The former Protestant church in Hommertshausen is a baroque half-timbered church built in 1656. In 1956, due to the widening of Schelde-Lahn-Straße, it was moved approximately 2 metres throughout the building, which was an unusual and important achievement at the time.
One of the mightiest defence towers in Transylvania features eight levels and is constructed above the initial chancel of the Romanesque basilica built in Homorod during the 13th century. The tower itself was built in 1550 in the church’s fortification phase, when the chancel was detached from the nave and the smaller western tower continuing the side aisle was flanked by two side constructions. Two defence walls protected the assembly: while the outer exterior had no towers, but an outer bailey, four corner towers strengthened the inner wall. In 1784, under the pressure of a constantly growing community, the church had to be enlarged by building a chancel on the southern side. After the fire in 1792 the church received its valuable late Baroque furniture, the painted flat ceiling, the ornamented galleries and a richly decorated organ altar. The mural painting fragments which are preserved in the chancel present depictions dating back to different eras, varying from 1270 to the late Middle Ages.
Hopperstad stavkirke was built around the year 1130, and it stands on its original site. The church is owned by the Society for the Preservation of Ancient Norwegian Monuments which funded its restoration (1885-1891).
First mentioned in the 12th century, this church used to appear just outside the gates of Innsbruck, as it used to be attached to a hospital. The hospital no longer exists, but the church remains. Its modern appearance comes from the 18th century after being completely renovated and redesigned. It suffered damage during the Second World War and was renewed in the 1960s.
Cited as 'a Norman cathedral in miniature' by Simon Jenkins, the fine Norman church is all that remains of the original 12th century hospital.
The Cathedral of the Holy Spirit is a Gothic brick basilica founded in the 14th century. The church had to be repaired several times, after the Hussite wars (15th century) and after the Thirty Years' War (1618-1648). In 1664, the church became a cathedral by the foundation of a bishopric and was then rebuilt in the Baroque style. In 1864-1876, the church was radically re-gothicised by František Schmoranz.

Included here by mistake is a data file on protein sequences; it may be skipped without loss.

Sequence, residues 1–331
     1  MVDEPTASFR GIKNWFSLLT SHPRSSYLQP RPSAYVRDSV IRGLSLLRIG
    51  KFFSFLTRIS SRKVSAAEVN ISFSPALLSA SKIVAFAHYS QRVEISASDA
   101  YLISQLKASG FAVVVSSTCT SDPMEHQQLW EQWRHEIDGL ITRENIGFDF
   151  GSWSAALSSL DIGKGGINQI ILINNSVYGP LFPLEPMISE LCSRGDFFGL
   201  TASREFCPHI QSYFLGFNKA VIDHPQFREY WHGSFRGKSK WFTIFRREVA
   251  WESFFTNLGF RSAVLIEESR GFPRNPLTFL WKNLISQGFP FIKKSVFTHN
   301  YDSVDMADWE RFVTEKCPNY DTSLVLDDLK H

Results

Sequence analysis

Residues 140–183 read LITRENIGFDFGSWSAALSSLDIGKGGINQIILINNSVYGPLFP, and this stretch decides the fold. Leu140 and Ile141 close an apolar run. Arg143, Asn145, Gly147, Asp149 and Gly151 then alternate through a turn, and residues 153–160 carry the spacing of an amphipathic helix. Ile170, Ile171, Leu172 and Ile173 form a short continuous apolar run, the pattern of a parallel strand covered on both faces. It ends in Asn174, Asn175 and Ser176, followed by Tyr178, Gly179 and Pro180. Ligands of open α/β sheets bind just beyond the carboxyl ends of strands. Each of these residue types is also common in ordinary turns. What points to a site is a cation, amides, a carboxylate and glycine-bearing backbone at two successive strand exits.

The synagogue of Hradec Králové, built between 1904 and 1905, is an Art Nouveau building of Moorish inspiration. After the Second World War, the synagogue was briefly reused as a house of prayer for the Jewish community, but for lack of assistance, the building was taken over by the State Scientific Library in 1960. In 2007, the synagogue building was returned to the Jewish community in Prague, which intends to use it in a multifunctional way.
The construction of Huesca Cathedral began at the end of the 13th century and was completed at the beginning of the 16th century. At the time of the construction of the cathedral, Catholic masses were celebrated in the former Wasqa Mosque (dating from the 8th and 11th centuries) of which almost nothing remains. The cathedral was completed in 1511, but it was not until 1539 that the main entrance of the building was completed in the Aragonese style of the 16th century.
At over 700 years old, Hull Minster is as old as Hull itself. Since the 13th Century we have been a constant presence in the city centre and some say the history of the city is literally written in our walls.
This mosque was completed in 1594 and to this day has the highest minaret of any mosque in the Balkans. It was named after Husein Pasha Boljanic, who was born not far from Pljevlja. The mosque contains a low pitched dome, an open porch with three domes, and several rich polychrome motifs on the interior. The minaret was rebuilt after a lightning strike destroyed the original in 1911.